Letter to the editor: Discussing the Regina Public School Board vote
Why 2SLGBTQIA+ people looked on in horror
By Suzanne Huggins
I was among the dozens of 2SLGBTQIA+ people who went to witness last week’s Regina Board of Education vote on whether to endorse celebrating Pride in schools. I was also among the dozens who cried and yelled when the trustees declined to make this statement in favour of their gender and sexually-diverse students and educators. Admittedly, the motion was largely symbolic. But symbols matter to people. These symbols matter to me.
I was raised jointly by my lesbian moms and by my supportive straight parents on the other side. When I attended Regina Public Schools in the 1980s and 1990s, our family encountered bullying from other students, bigotry from other parents, and a lack of understanding from too many of the teachers. My elementary school time was hell, not because of my lesbian moms but because of other people’s reaction to them.
I’m not just a survivor of homophobia levelled at my family decades ago. I’m also a genderqueer and bisexual parent to two current students in Regina Public Schools. There has been some progress in the education system over the past 20-30 years. The existence of diverse families is now included in the curriculum.
I know several out gay and/or trans educators. Gay-straight alliances (under a variety of names) are common. Yet I also know several queer teens who are not out to their families because they don’t know if it is safe to come out. Others have come out and have endured abuse or rejection as a result. Depression and suicide rates among queer youth are high, and the research says that it is because of the homophobia and transphobia they experience in their families, their schools, and in the wider world.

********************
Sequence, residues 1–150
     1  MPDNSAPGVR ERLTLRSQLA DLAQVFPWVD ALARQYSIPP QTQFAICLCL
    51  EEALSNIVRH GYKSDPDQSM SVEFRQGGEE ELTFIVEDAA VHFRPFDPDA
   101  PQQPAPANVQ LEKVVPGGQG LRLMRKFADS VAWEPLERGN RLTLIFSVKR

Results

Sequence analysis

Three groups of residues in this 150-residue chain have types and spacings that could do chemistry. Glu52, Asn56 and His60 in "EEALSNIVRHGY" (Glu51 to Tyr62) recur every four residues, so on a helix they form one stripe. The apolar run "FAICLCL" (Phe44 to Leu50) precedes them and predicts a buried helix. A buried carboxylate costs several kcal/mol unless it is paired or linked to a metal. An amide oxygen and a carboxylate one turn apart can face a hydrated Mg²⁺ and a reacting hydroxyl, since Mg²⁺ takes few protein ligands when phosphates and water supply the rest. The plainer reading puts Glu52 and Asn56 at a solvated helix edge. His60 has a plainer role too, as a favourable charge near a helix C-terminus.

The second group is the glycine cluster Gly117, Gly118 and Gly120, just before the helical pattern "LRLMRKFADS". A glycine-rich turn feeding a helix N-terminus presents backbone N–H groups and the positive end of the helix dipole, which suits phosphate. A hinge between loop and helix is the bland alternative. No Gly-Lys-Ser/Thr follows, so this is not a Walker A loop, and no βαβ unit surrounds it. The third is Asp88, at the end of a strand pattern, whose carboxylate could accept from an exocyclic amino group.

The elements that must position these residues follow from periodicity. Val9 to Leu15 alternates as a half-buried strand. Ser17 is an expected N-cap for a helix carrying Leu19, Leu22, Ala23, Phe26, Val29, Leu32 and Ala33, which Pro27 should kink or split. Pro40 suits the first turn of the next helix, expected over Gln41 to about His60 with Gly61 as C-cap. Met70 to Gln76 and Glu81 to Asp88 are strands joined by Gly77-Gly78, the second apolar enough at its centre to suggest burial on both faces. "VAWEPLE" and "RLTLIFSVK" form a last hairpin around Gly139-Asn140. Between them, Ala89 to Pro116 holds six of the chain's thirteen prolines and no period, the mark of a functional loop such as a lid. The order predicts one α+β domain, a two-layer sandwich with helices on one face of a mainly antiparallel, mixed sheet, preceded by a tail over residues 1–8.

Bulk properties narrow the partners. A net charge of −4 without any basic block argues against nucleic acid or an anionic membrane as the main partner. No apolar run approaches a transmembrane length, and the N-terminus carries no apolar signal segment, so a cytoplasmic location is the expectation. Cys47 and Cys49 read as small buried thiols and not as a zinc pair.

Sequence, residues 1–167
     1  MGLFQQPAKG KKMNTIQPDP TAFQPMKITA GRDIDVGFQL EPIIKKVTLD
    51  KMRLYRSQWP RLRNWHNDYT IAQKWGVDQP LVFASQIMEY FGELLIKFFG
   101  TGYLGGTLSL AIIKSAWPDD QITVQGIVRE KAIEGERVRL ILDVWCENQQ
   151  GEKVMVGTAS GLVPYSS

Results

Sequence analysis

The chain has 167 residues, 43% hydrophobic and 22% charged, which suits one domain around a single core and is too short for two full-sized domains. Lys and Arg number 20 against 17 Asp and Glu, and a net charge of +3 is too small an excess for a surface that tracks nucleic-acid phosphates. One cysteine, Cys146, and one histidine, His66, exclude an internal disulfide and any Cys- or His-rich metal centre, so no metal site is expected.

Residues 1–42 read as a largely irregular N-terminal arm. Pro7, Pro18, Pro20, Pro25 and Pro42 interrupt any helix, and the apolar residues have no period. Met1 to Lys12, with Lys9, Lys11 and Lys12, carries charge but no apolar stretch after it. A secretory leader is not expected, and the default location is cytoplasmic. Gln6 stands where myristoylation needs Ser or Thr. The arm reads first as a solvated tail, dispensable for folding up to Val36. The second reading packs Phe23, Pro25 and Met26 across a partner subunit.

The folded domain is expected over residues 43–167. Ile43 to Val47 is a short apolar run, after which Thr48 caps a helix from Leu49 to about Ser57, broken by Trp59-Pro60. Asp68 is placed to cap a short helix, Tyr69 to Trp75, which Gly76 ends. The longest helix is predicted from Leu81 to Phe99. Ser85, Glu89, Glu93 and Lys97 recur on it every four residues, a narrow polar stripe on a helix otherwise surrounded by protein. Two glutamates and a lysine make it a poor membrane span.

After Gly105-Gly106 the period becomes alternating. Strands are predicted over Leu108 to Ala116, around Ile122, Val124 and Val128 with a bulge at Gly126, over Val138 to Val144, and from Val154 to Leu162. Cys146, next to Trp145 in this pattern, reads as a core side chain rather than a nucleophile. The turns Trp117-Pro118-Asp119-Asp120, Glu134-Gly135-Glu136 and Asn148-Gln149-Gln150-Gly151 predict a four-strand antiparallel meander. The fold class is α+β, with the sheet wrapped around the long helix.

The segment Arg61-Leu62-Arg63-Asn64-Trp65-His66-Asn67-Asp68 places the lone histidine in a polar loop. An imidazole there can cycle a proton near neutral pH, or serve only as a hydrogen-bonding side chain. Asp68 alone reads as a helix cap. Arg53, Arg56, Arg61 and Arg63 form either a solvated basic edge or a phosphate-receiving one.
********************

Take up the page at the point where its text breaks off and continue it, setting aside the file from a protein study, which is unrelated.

I want my kids to have better experiences than I did, because they, too, have a queer parent and they deserve to be safe and welcomed in their schools. I want queer or questioning kids to know that they are safe and loved in their schools. Flying a flag, joining a parade, hosting an info booth – these things matter because they are visible symbols of our belonging. Even more important is the ways that teachers show up for kids every day by incorporating inclusive language and ideas in their classrooms, listening to kids, and modeling loving behaviour in action.
Having the board endorse this motion could have helped school administrators when they make decisions about what to celebrate and recognize in each school. It could have been a statement for students to point to when advocating for greater recognition in their schools, and it could have showed that support goes all the way to the most senior ranks of their school system.
Instead, kids and families are left in limbo wondering whether there is actually is support at every level. In an environment where we see our queer siblings south of the border having their rights eroded, and where some elected representatives in other levels of government question our right to exist as ourselves, not explicitly saying “you belong here” is as good as saying “go away”.
The board trustees have suggested that this issue will continue to be discussed, and we may see it raised again. We must remain vigilant. If the Board later puts forward a policy, it will be important to pay attention to the fine print.
There is an opportunity to develop inclusive meaningful recognition, or to treat the topic as “too adult” (it isn’t) or otherwise restrict educator’s ability to make curriculum-consistent decisions in the interest of students. Despite my disappointment and ongoing concern, I am heartened by the hundreds of queer and allied people who spoke up on this issue. I was relieved to learn that 75 per cent of the responses Trustees heard were in support of this motion – we wouldn’t have had that much support in the 1980s.
In their comments before voting No last week, some Trustees said that this was “a difficult issue” and “complicated”. Saying that all students and families are welcome no matter their gender or that of who they love doesn’t seem difficult or complicated to me. Celebrating Pride and explicitly welcoming diverse people will continue to be important, until such celebrations are a no-brainer for everyone.
Huggins is a Queer parent to two excellent kids in Regina Public Schools